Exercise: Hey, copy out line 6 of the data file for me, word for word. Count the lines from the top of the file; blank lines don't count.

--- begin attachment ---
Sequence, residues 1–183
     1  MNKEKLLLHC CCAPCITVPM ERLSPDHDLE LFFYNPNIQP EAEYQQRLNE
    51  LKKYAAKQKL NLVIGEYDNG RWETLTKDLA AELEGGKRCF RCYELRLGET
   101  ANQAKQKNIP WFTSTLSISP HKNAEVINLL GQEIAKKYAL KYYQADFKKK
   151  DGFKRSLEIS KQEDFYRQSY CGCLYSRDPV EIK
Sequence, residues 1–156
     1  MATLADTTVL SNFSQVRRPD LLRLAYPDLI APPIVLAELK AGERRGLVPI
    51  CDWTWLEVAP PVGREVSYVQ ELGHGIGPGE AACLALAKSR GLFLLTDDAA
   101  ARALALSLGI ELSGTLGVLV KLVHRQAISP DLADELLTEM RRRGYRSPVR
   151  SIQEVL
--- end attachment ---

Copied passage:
Sequence, residues 1–156